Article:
7.9/10
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3 user

Fists of Freedom: The Story of the '68 Summer Games (1999)

Documentary leading up to, during and after the 1968 Summer Olympic Games in Mexico City. Features interviews with athletes, including John Carlos, Tommie Smith and George Foreman, activist... See full summary »

Director:

George Roy

Writer:

Steven Stern
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6 wins & 2 nominations. See more awards »

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Cast

Credited cast:
Neil Amdur Neil Amdur ... Himself
Bob Beamon ... Himself
Ralph Boston Ralph Boston ... Himself
Avery Brundage Avery Brundage ... Himself (archive footage)
John Carlos John Carlos ... Himself (archive footage)
John Coatsworth John Coatsworth ... Himself
Hal Connolly Hal Connolly ... Himself
Willie Davenport Willie Davenport ... Himself
Michael Eric Dyson Michael Eric Dyson ... Himself
Harry Edwards ... Himself
Lee Evans Lee Evans ... Himself
George Foreman ... Himself
Dick Fosbury ... Himself (archive footage)
Bud Greenspan ... Himself
Allen Guttman Allen Guttman ... Himself
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Storyline

Documentary leading up to, during and after the 1968 Summer Olympic Games in Mexico City. Features interviews with athletes, including John Carlos, Tommie Smith and George Foreman, activist Dr. Harry Edwards, journalists and archival footage of the Games and the fallout after the raised fisted gloves by Carlos and Smith. Written by Mike Tuggle <dvdmike@yahoo.com>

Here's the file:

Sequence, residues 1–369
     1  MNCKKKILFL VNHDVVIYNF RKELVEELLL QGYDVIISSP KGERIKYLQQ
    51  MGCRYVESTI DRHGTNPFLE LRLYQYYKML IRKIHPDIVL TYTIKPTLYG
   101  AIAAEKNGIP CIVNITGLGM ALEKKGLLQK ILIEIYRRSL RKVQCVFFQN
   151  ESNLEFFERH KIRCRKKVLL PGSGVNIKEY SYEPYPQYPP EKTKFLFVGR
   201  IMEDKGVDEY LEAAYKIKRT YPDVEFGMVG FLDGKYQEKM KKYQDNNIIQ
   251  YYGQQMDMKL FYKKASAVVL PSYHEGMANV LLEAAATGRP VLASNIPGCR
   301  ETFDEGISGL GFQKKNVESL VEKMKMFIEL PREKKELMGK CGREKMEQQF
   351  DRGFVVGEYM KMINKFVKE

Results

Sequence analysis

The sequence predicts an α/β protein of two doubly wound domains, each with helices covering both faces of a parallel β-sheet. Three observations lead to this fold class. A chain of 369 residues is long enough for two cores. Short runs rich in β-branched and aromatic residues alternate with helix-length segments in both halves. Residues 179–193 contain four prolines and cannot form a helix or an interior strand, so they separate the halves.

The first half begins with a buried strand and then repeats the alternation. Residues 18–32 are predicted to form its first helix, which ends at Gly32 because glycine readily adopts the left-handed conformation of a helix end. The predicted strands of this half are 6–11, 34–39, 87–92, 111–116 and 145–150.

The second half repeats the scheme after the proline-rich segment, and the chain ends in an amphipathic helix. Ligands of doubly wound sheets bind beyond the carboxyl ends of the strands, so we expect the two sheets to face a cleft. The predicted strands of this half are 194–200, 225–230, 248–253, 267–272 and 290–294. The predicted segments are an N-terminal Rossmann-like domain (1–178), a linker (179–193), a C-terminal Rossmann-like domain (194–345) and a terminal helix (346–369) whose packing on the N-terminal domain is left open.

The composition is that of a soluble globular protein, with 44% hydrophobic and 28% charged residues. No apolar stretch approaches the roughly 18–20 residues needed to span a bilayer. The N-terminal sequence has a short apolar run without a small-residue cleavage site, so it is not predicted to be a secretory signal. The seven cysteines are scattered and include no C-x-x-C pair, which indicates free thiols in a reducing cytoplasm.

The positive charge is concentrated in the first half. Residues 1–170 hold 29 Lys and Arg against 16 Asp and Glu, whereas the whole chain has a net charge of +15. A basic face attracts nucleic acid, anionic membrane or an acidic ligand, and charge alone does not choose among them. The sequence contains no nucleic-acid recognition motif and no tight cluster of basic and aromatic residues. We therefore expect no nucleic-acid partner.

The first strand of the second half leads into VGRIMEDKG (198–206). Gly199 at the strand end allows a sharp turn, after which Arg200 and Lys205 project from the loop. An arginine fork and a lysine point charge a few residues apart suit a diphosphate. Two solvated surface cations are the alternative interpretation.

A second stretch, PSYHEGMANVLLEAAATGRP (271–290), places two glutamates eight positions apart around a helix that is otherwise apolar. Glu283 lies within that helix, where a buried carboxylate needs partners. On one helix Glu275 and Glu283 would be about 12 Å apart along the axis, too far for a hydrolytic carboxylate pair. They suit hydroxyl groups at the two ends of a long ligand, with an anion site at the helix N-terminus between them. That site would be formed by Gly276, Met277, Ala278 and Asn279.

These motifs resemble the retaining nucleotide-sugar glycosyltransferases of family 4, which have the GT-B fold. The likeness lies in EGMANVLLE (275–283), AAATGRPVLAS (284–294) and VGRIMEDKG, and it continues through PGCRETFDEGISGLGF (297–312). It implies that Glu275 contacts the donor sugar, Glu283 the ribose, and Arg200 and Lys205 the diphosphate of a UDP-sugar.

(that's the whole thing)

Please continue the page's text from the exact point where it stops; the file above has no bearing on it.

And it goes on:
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Certificate:

Unrated
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Details

Country:

USA

Language:

English

Release Date:

12 August 1999 (USA) See more »

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Technical Specs

Runtime:

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User Reviews

 
A solid, entertaining documentary about an important event.
24 September 2001 | by storytymSee all my reviews

This is a solid, well-made documentary about the 1968 Summer Olympics in Mexico City. Most of the action focuses on Tommie Smith and John Carlos, the two track stars whose raised fists on the victory stand created a huge scandal and a storm of misunderstanding. The film tells its story well, but is hurt by the fact that John Carlos for some reason did not sit down for an interview with the filmmakers. Instead, the film treats runner Lee Evans as the second-most dramatic figure after Tommie Smith.

Evans is good on camera, and an appealing character, but he simply doesn't end up being that important. It's unfortunate that the makers couldn't get Carlos as an interview subject--it diminishes an otherwise fine film.


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